The Incomparable Max

The Incomparable Max is a play by Jerome Lawrence and Robert E. Lee. It is based on the stories "Enoch Soames" and "A.V. Laider" in Seven Men by Max Beerbohm.

The Incomparable Max
Written byJerome Lawrence
Robert E. Lee
CharactersEnoch Soames
A.V. Laider
Max Beerbohm
Mrs. Elbourne
Mrs. Blake
Date premiered1969
Place premieredBarter Theatre
Abingdon, Virginia
Original languageEnglish
SubjectBased on two short stories by Max Beerbohm

Enoch Soames is a minor poet who makes a pact with the devil to spend a few hours in the library of the British Museum one hundred years in the future to learn how history will regard him. There he finds the only mention of his name is in a short story written by Max Beerbohm. A.V. Laider is a palmist who foretells the death of four people riding on a train - or does he?

The play had its premiere at the Barter Theatre in Abingdon, Virginia in 1969.[1] The Broadway production, directed by Gerald Freedman, began the first of ten previews on October 9, 1971 at the Royale Theatre. It opened on October 19 and closed on November 6 after 23 performances.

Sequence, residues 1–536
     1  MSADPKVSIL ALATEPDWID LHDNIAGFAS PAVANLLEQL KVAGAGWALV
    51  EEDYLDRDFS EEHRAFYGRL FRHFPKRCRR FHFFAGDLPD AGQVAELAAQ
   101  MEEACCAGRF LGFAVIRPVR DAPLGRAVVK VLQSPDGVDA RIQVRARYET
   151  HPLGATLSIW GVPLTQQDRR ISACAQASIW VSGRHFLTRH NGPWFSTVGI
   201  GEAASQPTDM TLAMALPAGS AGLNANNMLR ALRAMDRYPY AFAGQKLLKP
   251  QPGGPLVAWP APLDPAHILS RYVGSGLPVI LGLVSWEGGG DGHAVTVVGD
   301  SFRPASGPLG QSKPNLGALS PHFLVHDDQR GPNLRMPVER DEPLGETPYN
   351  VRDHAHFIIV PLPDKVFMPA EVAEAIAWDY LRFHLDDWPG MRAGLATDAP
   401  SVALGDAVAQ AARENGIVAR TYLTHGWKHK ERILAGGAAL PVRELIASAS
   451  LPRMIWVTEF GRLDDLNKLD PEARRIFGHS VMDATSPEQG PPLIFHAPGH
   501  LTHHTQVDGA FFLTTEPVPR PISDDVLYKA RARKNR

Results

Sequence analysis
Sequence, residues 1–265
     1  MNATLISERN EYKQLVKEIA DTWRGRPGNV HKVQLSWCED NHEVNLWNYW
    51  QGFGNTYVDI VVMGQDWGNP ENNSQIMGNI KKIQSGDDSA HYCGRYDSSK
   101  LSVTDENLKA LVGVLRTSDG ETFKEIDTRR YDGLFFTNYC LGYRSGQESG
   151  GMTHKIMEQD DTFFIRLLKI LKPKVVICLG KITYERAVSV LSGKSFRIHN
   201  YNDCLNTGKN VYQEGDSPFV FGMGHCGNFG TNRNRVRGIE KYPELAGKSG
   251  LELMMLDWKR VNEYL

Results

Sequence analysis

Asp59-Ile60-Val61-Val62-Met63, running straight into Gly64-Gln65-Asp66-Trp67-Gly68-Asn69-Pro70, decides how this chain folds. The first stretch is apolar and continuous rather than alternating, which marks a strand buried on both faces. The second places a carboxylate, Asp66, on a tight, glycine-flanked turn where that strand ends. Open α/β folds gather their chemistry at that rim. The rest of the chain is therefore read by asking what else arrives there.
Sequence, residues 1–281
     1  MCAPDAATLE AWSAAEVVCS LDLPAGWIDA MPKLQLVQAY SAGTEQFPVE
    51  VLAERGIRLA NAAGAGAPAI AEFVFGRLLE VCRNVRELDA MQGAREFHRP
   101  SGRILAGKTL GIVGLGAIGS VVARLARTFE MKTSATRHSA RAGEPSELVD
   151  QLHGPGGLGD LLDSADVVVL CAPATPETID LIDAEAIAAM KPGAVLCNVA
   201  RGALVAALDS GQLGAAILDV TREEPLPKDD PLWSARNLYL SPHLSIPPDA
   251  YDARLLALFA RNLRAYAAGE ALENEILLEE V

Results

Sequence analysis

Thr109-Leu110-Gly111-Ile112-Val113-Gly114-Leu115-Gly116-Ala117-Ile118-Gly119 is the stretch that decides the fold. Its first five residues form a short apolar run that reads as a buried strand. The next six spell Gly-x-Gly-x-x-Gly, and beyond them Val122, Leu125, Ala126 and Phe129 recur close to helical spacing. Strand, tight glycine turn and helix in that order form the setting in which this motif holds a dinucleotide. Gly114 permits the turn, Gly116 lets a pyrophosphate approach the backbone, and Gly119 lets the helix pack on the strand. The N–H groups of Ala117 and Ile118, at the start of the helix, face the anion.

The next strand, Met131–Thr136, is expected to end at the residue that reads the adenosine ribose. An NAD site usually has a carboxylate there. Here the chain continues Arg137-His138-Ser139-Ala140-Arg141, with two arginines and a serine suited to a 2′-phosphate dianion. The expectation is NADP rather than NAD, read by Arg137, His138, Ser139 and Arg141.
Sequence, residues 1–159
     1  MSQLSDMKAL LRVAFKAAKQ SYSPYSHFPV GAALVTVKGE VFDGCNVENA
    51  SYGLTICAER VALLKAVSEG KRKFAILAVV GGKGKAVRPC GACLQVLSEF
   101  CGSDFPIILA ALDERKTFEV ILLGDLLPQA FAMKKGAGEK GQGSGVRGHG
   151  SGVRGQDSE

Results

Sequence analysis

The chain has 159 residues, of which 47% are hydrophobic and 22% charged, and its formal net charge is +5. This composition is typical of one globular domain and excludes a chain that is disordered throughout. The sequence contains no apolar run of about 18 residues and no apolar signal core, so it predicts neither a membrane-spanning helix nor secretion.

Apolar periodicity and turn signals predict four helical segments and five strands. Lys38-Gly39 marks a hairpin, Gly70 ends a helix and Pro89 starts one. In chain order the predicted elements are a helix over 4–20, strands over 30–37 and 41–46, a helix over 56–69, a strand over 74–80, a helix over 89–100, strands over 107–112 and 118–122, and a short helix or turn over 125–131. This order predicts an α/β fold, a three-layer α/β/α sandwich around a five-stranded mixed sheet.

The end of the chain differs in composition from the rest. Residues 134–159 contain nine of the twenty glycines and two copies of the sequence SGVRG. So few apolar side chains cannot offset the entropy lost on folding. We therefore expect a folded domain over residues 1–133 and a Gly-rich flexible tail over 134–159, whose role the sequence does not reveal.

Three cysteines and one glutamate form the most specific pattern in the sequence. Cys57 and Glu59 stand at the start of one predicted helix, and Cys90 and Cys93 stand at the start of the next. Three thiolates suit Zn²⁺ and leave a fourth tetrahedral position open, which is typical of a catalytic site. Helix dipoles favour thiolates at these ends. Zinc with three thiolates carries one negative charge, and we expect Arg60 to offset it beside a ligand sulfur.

The cast included Richard Kiley in the dual roles of Soames and Laider and Clive Revill as Beerbohm. Constance Carpenter and Fionnula Flanagan appeared in supporting roles.

The creative team included costume designer Theoni V. Aldredge and lighting designer Martin Aronstein.

T.E. Kalem of Time observed, "The work is a glue job rather than an organic entity. The authors . . . awkwardly mixed Beerbohm in as a character among his own creations. In passages that are almost unrelated asides, they have Max as drama critic quoting himself on plays, players and playgoers. These comments lack the pithy bite of aphorisms, and as out-of-context fragments, they lose much of the slyly inflected wit that is one of the special pleasures of reading Beerbohm . . . The deeper problem lies with Max himself, who was too much the fastidious dandy, too much the meticulous stylist, to serve as a vehicle for the broad, boisterous traffic of the stage." [2]


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